Wednesday, April 16, 2014

When the Bus Takes a Learning Curve

They say that if you stay in learning mode throughout your adulthood and old age, you can stave off Alzheimer's, dementia and just plain being a boring person who never gets invited to parties. If that’s true, then I’m golden.

The person who moves a lot is in a constant state of learning. We spend the first year doing it wrong, the next year learning how the locals are doing it, and then the rest of the time settling into auto-pilot, until it’s time to move again. And then we have to learn all new bus routes and how to pronounce everyday household objects in an all new way.

Because I’ve lived in the Midwest, the Northeast, the South, the West Coast and the in-a-league-of-its-own-Florida, I’ve spent my entire adulthood learning.

Moving here to California last year, I finally got over my fear of buses. My experience with buses was spotty until then. My only childhood bus ride (besides school buses for field trips) was a trip into Youngstown with my big sister to meet my grandfather. I don’t know why my mom would put us on a city bus by ourselves, but she apparently didn’t have the same fear of buses I had when I was her age. In college, I rarely rode the campus loop bus, because the first time I tried it, I got on the wrong one and ended up out of town at the mall. I explained to my professor that I was sorry I missed class but to make up for it, I would never ride a bus again for 10 years.

What was the learning curve for you during your moves?

But when I moved out here to the city, it made too much sense to take the bus. I had to face my fears and learn how to ride a bus again.

Of course I did it wrong.

I knew where my stop was, thanks to my iPhone GPS. I knew to pull the cord when my stop was coming up. I made my way to the back door, where there was a big sign with red letters that said DO NOT STEP DOWN UNTIL THE DOOR OPENS. The bus driver stopped and then continued on, never opening the door for me to get off.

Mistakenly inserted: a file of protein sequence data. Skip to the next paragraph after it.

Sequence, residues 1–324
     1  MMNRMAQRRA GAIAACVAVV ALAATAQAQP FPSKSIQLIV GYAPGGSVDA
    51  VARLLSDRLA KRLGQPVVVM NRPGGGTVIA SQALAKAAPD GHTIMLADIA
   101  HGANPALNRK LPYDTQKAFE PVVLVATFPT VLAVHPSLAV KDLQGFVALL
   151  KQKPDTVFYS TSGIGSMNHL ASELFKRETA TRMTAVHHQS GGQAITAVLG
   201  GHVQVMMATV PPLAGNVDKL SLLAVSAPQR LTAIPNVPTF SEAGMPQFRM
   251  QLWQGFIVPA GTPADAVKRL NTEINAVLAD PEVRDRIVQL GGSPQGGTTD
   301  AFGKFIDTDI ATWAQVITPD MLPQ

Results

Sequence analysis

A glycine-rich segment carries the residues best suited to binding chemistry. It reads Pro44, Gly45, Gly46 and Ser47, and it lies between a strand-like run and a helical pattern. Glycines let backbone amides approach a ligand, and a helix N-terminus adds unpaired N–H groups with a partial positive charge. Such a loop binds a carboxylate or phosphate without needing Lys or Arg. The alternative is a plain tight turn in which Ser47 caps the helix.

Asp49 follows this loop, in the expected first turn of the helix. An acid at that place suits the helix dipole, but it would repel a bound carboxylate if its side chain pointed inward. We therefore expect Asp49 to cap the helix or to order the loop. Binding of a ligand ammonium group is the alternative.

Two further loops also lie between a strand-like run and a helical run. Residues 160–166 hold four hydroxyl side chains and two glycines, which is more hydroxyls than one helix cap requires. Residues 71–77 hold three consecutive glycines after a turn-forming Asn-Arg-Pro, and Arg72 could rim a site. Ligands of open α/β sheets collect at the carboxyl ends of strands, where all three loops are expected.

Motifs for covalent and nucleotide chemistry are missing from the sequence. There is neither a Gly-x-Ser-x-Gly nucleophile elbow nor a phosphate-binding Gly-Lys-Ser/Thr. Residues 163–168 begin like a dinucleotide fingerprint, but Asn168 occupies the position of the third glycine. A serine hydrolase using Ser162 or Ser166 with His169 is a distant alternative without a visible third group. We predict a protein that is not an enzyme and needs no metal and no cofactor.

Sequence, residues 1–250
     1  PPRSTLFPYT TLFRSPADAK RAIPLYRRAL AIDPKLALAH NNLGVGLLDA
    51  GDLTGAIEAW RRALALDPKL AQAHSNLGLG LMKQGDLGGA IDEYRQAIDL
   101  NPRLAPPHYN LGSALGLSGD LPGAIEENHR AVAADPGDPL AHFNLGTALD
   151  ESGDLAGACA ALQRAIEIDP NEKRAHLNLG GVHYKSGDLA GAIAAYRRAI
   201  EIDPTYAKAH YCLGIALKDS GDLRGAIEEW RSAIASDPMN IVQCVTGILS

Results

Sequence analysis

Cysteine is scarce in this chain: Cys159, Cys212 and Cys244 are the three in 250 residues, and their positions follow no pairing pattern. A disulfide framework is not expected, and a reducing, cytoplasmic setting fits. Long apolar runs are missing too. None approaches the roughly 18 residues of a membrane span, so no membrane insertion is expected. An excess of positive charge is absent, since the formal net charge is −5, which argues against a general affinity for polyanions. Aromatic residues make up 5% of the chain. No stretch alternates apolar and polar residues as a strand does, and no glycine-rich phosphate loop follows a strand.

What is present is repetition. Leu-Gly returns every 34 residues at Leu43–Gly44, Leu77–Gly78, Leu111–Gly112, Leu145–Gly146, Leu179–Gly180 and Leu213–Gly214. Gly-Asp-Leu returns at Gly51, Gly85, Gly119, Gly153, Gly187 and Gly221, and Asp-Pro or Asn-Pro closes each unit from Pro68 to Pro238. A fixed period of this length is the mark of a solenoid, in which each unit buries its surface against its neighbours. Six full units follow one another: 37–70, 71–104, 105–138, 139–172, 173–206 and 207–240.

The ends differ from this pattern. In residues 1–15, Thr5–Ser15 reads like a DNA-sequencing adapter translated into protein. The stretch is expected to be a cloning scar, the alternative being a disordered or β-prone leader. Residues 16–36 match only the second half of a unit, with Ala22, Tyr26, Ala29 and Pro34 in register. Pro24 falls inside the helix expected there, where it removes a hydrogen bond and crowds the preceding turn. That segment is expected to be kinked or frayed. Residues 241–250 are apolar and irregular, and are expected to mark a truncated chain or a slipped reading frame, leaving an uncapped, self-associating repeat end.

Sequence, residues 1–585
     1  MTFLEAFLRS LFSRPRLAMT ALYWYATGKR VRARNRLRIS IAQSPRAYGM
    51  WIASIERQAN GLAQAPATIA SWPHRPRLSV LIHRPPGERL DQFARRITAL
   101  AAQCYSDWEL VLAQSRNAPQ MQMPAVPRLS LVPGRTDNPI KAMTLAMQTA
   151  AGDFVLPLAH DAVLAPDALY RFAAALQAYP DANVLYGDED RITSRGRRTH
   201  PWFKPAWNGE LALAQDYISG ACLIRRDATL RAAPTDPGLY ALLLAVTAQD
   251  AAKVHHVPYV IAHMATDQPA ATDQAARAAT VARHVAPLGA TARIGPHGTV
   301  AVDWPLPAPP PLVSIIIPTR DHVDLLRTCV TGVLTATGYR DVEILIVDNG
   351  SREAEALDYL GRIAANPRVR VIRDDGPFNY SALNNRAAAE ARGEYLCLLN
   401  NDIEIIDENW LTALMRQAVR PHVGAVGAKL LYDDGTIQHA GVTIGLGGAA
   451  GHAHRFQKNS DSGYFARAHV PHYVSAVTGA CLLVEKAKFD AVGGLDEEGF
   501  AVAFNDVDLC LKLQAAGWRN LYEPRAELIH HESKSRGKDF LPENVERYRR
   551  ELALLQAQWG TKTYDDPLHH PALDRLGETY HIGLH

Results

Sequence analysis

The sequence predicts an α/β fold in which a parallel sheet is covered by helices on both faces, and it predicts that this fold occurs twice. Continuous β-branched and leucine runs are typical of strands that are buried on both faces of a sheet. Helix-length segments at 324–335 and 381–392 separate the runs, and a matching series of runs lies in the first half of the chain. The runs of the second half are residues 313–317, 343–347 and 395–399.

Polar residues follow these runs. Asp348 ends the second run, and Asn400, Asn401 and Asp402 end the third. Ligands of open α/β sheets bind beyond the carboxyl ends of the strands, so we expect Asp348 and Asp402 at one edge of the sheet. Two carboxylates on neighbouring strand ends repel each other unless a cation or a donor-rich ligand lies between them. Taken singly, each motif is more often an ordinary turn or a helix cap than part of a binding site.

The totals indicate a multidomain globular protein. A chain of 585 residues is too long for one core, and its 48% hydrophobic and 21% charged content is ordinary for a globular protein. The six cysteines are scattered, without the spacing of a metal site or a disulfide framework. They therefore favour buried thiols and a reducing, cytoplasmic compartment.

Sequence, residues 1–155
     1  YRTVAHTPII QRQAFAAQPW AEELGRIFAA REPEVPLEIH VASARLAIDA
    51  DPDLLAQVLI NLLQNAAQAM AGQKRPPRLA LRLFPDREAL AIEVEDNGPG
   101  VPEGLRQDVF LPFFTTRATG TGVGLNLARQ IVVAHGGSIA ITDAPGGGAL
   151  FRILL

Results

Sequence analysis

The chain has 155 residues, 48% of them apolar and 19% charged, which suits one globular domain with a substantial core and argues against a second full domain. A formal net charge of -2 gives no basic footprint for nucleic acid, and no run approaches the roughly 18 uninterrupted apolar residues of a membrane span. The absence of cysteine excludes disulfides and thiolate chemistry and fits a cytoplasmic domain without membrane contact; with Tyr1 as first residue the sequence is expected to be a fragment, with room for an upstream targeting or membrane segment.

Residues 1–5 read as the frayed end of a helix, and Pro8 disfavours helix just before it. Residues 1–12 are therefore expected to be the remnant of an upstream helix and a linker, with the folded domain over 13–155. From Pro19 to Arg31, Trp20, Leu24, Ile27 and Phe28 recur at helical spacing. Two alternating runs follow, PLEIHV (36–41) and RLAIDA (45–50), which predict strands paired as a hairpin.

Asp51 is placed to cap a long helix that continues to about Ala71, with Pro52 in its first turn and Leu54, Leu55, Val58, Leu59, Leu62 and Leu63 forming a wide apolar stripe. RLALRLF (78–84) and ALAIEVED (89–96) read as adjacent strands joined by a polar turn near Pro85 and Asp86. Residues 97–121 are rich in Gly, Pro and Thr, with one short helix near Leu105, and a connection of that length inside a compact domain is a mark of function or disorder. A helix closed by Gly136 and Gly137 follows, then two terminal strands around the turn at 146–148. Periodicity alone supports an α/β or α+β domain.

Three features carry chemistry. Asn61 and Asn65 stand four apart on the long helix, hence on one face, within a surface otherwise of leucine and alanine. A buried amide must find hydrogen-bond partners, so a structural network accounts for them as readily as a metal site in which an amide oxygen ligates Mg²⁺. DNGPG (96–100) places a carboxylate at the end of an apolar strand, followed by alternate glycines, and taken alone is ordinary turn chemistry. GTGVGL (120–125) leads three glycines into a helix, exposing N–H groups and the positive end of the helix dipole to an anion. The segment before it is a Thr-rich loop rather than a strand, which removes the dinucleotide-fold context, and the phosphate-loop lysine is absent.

“What just happened here?” I turned to a woman standing near me. She said, “You have to step down so that the driver knows you’re getting off.”

“But I pulled the thing! It made a ding! And the sign says DO NOT step down.  See? It’s right there.”

“Yeah,” the woman said. “You gotta step down.”

Well that doesn’t make sense. They’re doing it wrong, I thought. But in the end I had to concede that even though I was following the rules, I was the one who was doing it wrong. I learned, though, and now I take the bus often. And bonus - I’m not afraid of any buses now and I never end up at the mall.

There are all kinds of unwritten rules that you have to learn when you move to a new city. Also new customs, pronunciations, and do’s and don’ts. Learning how to ride the bus may have added a year or two to my life of not putting Comet in my coffee and calling my daughter by my sister’s name.

What was the learning curve for you during your moves?


If you like Diane's humorous take on moving, you'll love her book Home Sweet Homes: How Bundt Cakes, Bubble Wrap, and My Accent Helped Me Survive Nine Moves.

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